First there was an internal poll from Fischer's campaign that showed her closing the gap on Bruning and overtaking Stenberg for second place. Bruning questioned the poll's veracity, while Stenberg said it showed voters were seeking an alternative to Bruning.
But a few days later, an independent poll showed Fischer in first place.
Meanwhile, Sarah Palin and Herman Cain — two Republicans known for their affinity for bucking the establishment — swooped in and gave Fischer their blessing.
It’s unclear what happened over the past week that turned the race on its head. It’s also unclear how much of an impact early voting conducted before Fischer’s surge will have in helping Bruning ward off the underdog’s bite.
But if Fischer pulls off a victory, it’s a sure bet that more than a few front-running Senate candidates, sitting pretty atop their primary fields, will feel the urge to start watching their back.
Polls close at 9 p.m. EST. The winner takes on former Sen. Bob Kerrey (D-Neb.) in the general election.
TOMORROW’S AGENDA TODAY: Mitt Romney will be campaigning in the important swing state of Florida. Vice President Biden will be campaigning in Ohio, another big swing state.
TWEET OF THE DAY: Sen. Chuck Grassley (R-Iowa) is famous on Twitter for his abbreviation-filled posts. Today’s is no exception: “On my way to another honor flight WWII vets fr Wloo to thank them for fighting to save USA fr AXIS.”
QUOTE OF THE DAY: "I'll ask Michelle when I get home.” — President Obama, asked about the best-selling erotic fiction novel, “Fifty Shades of Grey,” on ABC’s “The View.”
President Obama has opened up a double-digit lead in New Hampshire, according to a survey from the left-leaning Public Policy Polling, leading Mitt Romney 53 percent to 41.
Voters are optimistic the economy will improve in the next year, but still hold doubts on Obama’s economic policies, according to a USA Today/Gallup poll.
Obama’s deputy campaign manager Stephanie Cutter said Monday’s CBS News/New York Times poll, which showed most Americans believe Obama’s gay-marriage endorsement was done for political reasons, can’t be trusted because it’s biased.
Voters might believe the economy is improving, but Mitt Romney's presidential campaign is looking to remind them it isn't better yet with a new Web video.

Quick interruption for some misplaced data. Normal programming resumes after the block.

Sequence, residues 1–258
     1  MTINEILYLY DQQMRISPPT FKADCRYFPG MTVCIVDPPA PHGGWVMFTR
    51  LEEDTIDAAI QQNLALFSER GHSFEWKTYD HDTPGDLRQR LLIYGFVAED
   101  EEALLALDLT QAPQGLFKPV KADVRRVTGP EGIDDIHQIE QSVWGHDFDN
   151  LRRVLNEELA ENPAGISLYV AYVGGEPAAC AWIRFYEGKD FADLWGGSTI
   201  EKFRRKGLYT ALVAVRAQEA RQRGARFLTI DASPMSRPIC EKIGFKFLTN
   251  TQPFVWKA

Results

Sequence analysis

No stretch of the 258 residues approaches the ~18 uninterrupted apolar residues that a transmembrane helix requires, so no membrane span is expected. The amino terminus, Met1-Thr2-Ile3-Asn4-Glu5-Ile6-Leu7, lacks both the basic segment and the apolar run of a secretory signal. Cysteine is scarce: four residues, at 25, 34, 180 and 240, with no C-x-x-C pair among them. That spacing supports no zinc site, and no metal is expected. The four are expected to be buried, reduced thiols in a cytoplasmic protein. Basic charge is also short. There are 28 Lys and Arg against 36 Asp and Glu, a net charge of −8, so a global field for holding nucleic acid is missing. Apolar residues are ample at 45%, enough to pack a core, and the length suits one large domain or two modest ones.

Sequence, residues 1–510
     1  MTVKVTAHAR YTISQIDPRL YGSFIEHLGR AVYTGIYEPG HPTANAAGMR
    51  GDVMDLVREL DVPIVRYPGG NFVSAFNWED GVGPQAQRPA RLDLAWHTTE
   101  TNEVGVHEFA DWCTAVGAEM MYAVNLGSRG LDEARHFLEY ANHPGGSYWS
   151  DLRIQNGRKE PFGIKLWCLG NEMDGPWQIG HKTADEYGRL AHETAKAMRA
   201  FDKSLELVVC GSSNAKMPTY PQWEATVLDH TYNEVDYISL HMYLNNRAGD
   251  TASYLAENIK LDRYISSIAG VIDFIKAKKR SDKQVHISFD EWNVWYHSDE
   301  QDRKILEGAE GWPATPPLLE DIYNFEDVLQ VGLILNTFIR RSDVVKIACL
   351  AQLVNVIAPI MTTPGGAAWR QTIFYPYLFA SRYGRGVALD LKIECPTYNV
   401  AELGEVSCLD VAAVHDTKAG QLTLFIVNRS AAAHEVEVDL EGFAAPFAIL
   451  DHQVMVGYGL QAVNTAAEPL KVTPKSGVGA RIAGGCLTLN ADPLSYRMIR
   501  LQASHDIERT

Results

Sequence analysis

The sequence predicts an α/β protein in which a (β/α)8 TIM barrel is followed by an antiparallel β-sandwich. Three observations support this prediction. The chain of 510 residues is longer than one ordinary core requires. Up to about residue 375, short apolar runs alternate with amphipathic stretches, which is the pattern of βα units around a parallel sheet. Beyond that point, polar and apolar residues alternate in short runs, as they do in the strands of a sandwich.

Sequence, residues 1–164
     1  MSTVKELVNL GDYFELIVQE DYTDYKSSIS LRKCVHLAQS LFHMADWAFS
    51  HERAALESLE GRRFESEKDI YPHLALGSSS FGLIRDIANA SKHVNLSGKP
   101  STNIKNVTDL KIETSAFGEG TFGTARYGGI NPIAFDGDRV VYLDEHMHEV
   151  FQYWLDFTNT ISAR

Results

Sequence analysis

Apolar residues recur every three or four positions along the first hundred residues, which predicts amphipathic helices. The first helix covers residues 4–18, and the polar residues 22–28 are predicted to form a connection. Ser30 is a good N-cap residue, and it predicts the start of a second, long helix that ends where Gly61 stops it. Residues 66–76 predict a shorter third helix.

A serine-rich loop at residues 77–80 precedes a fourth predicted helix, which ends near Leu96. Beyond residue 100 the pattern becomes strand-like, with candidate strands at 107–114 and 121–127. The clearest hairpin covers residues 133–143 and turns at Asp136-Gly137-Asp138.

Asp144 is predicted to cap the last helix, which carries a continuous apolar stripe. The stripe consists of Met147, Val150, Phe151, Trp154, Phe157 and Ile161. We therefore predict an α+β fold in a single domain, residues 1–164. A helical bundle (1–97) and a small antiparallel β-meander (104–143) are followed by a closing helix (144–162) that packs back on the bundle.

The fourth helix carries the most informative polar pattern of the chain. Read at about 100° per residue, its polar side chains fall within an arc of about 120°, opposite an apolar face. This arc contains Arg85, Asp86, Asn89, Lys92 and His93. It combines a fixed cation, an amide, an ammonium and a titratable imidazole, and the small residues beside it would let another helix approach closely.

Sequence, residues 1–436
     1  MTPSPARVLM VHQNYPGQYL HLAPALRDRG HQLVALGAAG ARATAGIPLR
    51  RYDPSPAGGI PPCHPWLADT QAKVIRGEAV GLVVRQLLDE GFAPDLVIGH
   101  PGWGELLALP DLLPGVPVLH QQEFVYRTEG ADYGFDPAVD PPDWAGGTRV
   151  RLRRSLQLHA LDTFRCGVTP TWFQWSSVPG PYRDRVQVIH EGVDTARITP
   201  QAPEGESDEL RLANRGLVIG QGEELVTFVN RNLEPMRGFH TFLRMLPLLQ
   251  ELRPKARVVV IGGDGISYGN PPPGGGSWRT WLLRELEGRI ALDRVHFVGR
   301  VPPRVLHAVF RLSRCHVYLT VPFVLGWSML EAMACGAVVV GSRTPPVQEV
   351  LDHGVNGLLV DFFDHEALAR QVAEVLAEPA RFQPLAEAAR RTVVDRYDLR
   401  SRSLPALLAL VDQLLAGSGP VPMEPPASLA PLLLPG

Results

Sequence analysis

The Democratic super-PAC Priorities USA is up with an ad attacking Romney's time at Bain Capital, accusing him of caring solely about profits at the expense of his workers' jobs.
BATTLE FOR THE HOUSE:
Arizona: The political arm of Citizens United will spend six figures to back Republican Jesse Kelly, becoming the latest outside group to wade into the special election to replace former Rep. Gabrielle Giffords (D-Ariz.).
Florida: Citizens for Responsibility and Ethics in Washington (CREW), a watch-dog group, is calling on House GOP leadership to demand that Rep. Vern Buchanan (R-Fla.) resign, claiming that ongoing ethics allegations impede his ability to serve in Congress.
Massachusetts: Republican challenger Richard Tisei has a seven-point lead over Rep. John Tierney (D-Mass.), according to an internal poll for Tisei's campaign.
Massachusetts: Democrat Elizabeth Warren is pivoting to her strong suit — Wall Street reform — in a new radio ad pegged to major losses by investment firm JPMorgan Chase.
IN CASE YOU MISSED IT:
Still here: Ron Paul reassures his supporters he’s not exiting the presidential race. And no endorsement for Mitt Romney likely showing up soon.
It’s the economy...: Romney sought to define his candidacy as a crusade against excess spending and debt during an economic address in Des Moines.
Sowing seeds of Democratic discord: Romney suggested Tuesday that President Obama might have "personal beef" with former President Clinton and Secretary of State Hillary Clinton.
Like father, like son: George W. Bush endorses Romney. Sen. Kay Bailey Hutchison (R-Texas) also endorsed Romney.
Veep, Veep: Tim Pawlenty takes his name off of Romney’s VP list, saying he went through that already with John McCain.
Dialing for dollars: Newt Gingrich has more campaign debt than any other U.S. politician.
Growing pains: The conservative Club for Growth on Tuesday released a detailed scorecard on House freshmen. It argues that despite Tea Party rhetoric, many of the 87-member freshman class are not conservative enough.
Tweet this: Social media advertising is only going to grow over the next few years, according to multiple studies.
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